The End of Economics?

Did economists “get it all wrong” during the Great Recession?

Certainly a lot of economists have made a lot of mistakes. Ben Bernanke, former Professor of Economics at Princeton, thought the problems in the sub-prime mortgage market were limited and contained in March of 2007. Greg Mankiw, Professor at Harvard, predicted that housing prices would stop rising so fast back in 1995, because most baby-boomers now owned a home. When you analyze something as complex and multifaceted as an economy with billions of prices and trillions of interactions every day, you’re bound to get some things wrong.

But what is the point of economics? Is it supposed to predict the future, or analyze the present? The economics profession has debated this point since the mid-19th century, with the rise of the German Historical School. These scholars objected to the analytical approach of the Classical economists like Alfred Marshall and Adam Smith. Smith’s claimed that his principles were universal, applying to all people in all nations. The Historical School thought that economics should result from careful historical analysis rather than logic and mathematics. Max Plank, the famous German scientist, once considered studying economics but found the combination of historiography, sociology, and psychology too difficult, so he went on to win a Nobel Prize in Physics instead!

At its heart, this debate over method contained a broader question: is the economist a student, or a savior? Karl Marx demonstrated his impatience with analysis when he wrote, “The philosophers have only interpreted the world in various ways; the point, however, is to change it.” His economic works certainly did change the world, although his analytical errors led to tragic outcomes for hundreds of millions of people.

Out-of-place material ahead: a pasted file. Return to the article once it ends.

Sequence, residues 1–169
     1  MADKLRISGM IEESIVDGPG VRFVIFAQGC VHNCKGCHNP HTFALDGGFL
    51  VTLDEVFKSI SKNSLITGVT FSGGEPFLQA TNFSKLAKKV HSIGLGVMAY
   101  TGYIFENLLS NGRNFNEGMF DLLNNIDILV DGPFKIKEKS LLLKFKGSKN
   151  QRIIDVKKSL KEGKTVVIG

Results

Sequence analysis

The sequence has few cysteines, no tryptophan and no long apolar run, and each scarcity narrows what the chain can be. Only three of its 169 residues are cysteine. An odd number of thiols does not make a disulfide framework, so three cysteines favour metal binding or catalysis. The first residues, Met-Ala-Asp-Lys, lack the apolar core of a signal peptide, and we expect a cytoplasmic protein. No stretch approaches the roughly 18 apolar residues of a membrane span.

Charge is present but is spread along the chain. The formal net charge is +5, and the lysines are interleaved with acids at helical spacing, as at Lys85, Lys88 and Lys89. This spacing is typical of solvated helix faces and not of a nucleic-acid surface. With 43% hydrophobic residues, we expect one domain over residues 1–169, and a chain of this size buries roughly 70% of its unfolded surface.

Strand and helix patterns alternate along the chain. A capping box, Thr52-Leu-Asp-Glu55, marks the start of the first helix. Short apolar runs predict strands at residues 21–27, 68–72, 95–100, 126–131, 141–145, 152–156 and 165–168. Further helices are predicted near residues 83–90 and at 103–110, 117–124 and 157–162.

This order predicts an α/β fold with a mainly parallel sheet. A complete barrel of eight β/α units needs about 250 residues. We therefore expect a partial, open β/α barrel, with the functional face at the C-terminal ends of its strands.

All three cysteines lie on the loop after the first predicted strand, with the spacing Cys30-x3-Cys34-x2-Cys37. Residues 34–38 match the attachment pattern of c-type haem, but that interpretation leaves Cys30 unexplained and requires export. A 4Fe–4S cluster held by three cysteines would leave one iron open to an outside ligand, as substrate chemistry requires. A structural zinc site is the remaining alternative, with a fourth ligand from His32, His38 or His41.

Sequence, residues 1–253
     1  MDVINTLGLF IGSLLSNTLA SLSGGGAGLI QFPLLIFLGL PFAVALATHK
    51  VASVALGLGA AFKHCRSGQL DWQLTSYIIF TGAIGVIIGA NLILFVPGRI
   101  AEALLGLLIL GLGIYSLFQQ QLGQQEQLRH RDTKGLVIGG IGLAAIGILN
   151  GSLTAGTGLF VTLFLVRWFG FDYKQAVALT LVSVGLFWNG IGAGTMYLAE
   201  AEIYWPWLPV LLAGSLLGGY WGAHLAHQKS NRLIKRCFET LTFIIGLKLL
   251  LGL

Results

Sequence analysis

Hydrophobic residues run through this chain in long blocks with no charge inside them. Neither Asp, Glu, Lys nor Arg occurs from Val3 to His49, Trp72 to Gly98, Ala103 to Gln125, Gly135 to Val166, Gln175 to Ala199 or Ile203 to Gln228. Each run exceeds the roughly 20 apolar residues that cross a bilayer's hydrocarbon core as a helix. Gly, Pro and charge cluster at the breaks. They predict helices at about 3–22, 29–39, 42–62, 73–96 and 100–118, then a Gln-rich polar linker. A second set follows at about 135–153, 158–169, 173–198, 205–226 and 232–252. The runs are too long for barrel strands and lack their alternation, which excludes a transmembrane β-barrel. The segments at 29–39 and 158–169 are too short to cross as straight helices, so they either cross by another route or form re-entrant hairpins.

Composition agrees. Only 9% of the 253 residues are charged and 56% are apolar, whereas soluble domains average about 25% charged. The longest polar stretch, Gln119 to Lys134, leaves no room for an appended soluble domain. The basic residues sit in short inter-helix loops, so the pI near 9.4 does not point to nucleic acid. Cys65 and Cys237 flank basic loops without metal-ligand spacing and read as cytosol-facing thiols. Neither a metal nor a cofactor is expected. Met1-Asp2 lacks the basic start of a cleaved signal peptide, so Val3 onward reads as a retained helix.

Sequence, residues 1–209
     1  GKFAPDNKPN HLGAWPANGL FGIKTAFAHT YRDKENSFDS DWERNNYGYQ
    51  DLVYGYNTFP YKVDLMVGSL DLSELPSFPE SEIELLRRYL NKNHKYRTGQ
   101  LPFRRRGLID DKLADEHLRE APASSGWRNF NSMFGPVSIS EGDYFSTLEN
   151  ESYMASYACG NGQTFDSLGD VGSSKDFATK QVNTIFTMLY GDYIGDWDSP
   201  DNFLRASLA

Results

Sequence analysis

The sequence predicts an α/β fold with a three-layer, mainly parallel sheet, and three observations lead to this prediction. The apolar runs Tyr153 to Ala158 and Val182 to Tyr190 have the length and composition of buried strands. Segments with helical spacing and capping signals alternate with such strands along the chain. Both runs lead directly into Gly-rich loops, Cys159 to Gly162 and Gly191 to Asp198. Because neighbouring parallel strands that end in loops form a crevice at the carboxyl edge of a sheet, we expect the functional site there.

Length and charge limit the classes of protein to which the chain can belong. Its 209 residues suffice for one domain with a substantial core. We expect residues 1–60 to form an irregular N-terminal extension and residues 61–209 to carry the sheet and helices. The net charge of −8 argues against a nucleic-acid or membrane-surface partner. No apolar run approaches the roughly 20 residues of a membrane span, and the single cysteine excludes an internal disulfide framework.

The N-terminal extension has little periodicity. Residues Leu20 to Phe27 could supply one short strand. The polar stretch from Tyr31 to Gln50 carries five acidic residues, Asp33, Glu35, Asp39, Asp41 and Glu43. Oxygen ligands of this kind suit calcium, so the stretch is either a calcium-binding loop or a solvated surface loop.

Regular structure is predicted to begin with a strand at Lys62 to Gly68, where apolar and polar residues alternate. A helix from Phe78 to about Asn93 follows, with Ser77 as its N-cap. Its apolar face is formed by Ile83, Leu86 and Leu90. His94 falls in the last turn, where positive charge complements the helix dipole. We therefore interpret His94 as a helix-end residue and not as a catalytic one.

Many economists have taken up the challenge, however, advocating for or against various public policies. And when it comes to government taxes, spending, and regulation, we want laws that are logical and provide the right incentives and constraints. But economics is a social science, not a physical science. Its principles are general and provisional—although some are more provisional than others. And economic predictions are—or should be—always tentative and subject to revision.

In the end, I believe that an economist should be a student of history and should seek to understand the world, not change it. Because if they get it wrong, the consequences can be dire. And, as another Nobel prize winner, the physicist Niels Bohr once said, predictions are hard, especially about the future.

Douglas R. Tengdin, CFA

Chief Investment Officer

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